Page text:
3. Audience-friendly language
Clarity and conciseness are paramount when crafting an abstract. Use straightforward language to convey your ideas. Avoid unnecessary jargon or technical terms that might confuse readers from different backgrounds including citations and abbreviations. The goal is to present your research in a way that is accessible and comprehensible to a broad audience.
4. Key elements
While your research paper may delve into various details and nuances, your abstract should focus on the most crucial elements. Identify the core components of your study—the problem, methodology, findings, and conclusions—and ensure that these elements are prominently featured in your abstract.
5. Active voice narration
Employing the active voice adds vibrancy and directness to your abstract. Instead of writing in passive voice (e.g., "It was found that..."), opt for active voice (e.g., "We found that..."). Active voice not only enhances readability but also imparts a sense of authority to your writing. This simple switch enhances engagement and readability.
6. Keyword usage
Keywords are pivotal to increasing the discoverability of your research. Incorporate relevant keywords that encapsulate the central themes of your study. These keywords play a crucial role in helping your paper surface in academic databases and search engine results.
It's generally advisable to write the abstract after you've completed the rest of your research paper. By doing so, you'll have a comprehensive understanding of your study's intricacies, enabling you to succinctly summarize its core aspects. This approach ensures that your abstract accurately reflects the contents of your paper.
8. Edits and revisions
The creation of a polished abstract necessitates meticulous editing and revision. Every sentence should contribute to the overall clarity and coherence of the abstract. Pay attention to sentence structure, grammar, and punctuation. Your abstract should be error-free and exhibit a seamless flow.
Crafting a compelling abstract is an art that requires finesse and precision. However, certain pitfalls can undermine the effectiveness of your research paper abstract. In this section, we'll explore five common abstract pitfalls that you should be vigilant about avoiding.
1. Excessive detail
The abstract's brevity precludes the inclusion of excessive detail. Avoid delving into intricate methodologies, extensive data, or nuanced analyses. Instead, focus on presenting a high-level overview.
Abstracts must be devoid of ambiguity. Ambiguous statements can lead to misinterpretation or confusion among readers. Ensure that every sentence conveys a clear and precise message.
3. Omission of key elements
Neglecting any of the fundamental elements— contextualization, research gap, methodology, key findings, and significance— can hinder the abstract's comprehensiveness and efficacy.
4. Unsatiated claims
Avoid making unsubstantiated claims or sweeping generalizations in the abstract. Statements should be grounded in the research's empirical evidence and data.
5. Unwarranted background
While context is crucial, avoid overwhelming the abstract with an extensive historical or theoretical background. Stick to the essential context required for understanding the research.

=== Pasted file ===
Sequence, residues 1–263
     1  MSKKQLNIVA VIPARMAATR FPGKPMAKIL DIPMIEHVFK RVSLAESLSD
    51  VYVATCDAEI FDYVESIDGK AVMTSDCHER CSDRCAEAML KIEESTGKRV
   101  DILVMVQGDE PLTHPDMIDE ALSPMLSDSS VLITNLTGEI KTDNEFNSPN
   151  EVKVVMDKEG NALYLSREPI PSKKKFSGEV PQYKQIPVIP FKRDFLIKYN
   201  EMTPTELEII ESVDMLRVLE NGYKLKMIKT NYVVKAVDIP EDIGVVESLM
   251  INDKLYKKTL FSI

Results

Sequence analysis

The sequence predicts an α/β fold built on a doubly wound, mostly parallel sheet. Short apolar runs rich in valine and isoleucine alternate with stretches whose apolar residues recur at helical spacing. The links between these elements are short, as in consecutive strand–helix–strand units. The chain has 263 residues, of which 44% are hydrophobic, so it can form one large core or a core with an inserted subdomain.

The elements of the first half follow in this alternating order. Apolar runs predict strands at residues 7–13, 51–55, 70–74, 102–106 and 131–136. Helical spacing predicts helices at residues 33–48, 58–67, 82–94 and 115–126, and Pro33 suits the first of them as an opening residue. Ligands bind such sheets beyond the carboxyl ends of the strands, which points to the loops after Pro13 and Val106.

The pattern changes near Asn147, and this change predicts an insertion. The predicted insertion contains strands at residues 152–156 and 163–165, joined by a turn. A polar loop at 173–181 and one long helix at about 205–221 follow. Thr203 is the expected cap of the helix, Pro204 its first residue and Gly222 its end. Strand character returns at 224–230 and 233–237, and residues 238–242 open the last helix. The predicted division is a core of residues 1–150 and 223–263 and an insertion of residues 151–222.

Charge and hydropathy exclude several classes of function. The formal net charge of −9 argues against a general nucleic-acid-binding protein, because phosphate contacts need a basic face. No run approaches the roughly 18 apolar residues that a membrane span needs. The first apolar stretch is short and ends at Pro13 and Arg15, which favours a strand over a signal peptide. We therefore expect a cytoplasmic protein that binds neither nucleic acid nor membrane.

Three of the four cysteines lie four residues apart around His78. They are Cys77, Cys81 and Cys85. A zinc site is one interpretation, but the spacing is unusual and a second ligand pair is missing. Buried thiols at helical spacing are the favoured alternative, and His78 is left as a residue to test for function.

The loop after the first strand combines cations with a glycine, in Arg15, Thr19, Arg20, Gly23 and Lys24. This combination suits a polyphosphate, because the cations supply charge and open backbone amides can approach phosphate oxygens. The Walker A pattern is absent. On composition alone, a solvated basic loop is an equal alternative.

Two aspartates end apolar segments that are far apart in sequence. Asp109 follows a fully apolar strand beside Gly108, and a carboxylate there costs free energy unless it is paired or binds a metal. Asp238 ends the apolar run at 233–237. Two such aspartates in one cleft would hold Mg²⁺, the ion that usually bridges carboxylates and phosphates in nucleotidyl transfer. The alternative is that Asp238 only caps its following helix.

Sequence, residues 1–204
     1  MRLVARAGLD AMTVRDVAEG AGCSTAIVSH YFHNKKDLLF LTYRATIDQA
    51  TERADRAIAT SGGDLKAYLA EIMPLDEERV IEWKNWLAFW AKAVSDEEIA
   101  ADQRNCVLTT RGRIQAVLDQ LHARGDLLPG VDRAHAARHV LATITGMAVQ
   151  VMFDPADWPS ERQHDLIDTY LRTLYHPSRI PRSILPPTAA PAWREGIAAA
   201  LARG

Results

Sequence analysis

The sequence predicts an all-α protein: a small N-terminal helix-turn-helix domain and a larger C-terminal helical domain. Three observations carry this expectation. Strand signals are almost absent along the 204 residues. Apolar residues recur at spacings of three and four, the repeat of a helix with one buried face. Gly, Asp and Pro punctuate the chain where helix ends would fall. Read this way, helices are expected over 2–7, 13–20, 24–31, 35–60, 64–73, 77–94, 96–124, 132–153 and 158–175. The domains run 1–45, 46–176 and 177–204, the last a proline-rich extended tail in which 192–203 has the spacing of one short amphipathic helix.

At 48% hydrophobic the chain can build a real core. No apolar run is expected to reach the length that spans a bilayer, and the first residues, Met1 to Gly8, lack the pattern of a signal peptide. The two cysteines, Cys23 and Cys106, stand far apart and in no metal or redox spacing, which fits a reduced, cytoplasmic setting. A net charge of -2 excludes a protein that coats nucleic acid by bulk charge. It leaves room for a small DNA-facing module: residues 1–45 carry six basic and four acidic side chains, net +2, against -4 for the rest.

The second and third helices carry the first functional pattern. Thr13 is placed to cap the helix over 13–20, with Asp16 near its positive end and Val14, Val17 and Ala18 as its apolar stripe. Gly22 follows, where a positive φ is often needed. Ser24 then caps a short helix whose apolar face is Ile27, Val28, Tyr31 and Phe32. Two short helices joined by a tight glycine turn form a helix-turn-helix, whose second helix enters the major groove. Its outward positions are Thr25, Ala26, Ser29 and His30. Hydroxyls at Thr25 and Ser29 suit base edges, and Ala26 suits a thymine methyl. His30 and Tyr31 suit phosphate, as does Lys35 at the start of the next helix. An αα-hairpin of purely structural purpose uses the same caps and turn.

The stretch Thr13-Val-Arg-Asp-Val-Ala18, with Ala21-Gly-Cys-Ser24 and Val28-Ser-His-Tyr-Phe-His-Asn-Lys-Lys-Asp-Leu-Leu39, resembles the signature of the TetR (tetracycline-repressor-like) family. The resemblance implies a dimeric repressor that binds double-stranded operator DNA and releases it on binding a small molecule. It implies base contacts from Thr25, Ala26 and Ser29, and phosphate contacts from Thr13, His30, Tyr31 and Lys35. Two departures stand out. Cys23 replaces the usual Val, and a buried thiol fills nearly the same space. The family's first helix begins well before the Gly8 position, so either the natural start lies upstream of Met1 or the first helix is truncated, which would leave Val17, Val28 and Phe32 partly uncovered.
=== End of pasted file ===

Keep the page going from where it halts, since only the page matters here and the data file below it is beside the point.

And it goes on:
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A review paper requires a slightly different approach. In a review paper, you are presenting primarily known information. There are two main types of review papers: meta-analyses and literature reviews.
A meta-analysis compiles findings or, ideally, raw data, from multiple studies to provide new, consolidated results, and will therefore follow much of the pattern listed above. The most important thing in a meta-analysis is to discuss your strategy or tactic. You must describe where your information comes from, how you included or excluded studies, and what you did to the data, and this is so important that it also should be included in your abstract. Meta-analyses are considered the most robust form of information in medicine, and their vigorous nature depends on the analysis strategies.
A literature review covers a wide swath of literature and is a resource for someone who is new to the field, or someone who is looking for information about a topic that has been explained and contextualized. Therefore the abstract should focus on what information can be found, limitations in the work or field, and implications for the field as a whole. In a research paper, it is important to discuss which holes you are filling, while in a review, it can be equally important to state which holes exist to be filled. Another viewpoint is to consider what the information in your review could tell scientists, clinicians, politicians, or company policy-makers to guide them in their decision-making. Questions to consider:
What remains to be understood?
What should be put into practice based on this evidence?
What is most exciting in this field?
Visual or Graphical Abstracts
A new trend in research is the graphical abstract or visual abstract. Partly as recognition of the famed statistic that 65% of people are visual learners, and partly as scientific data becomes more niche and harder to explain within the word limit, making a graphical abstract can help your reader and you communicate. Graphical abstracts are ideal to convey a central hypothesis and then plot your findings against it. Typically, real data is not included, only smoothed generalized images. Another use for a graphical abstract is to add to a complex process, in which case an author may have a cartoon version of the process with the new information from their work highlighted.
An abstract is much more than a mere formality; it's a potent tool that encapsulates the essence of your research. By following a structured approach and placing emphasis on key components, you can construct an abstract that captivates readers and entices them to delve into your full paper. Remember, your abstract is often the initial introduction your research receives, making its creation a pivotal step in conveying the significance and impact of your study. Dedicate time and effort to crafting a compelling abstract, and watch as it beckons readers into the intricate world of your research.
Consider working with a Polygence research mentor for help developing your paper. A mentor can be a valuable resource throughout your research and writing process.
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Additional writers who contributed to this post:
Anh Nguyen, Brooke White, Maggie Chvillicek, Sage Lim Morison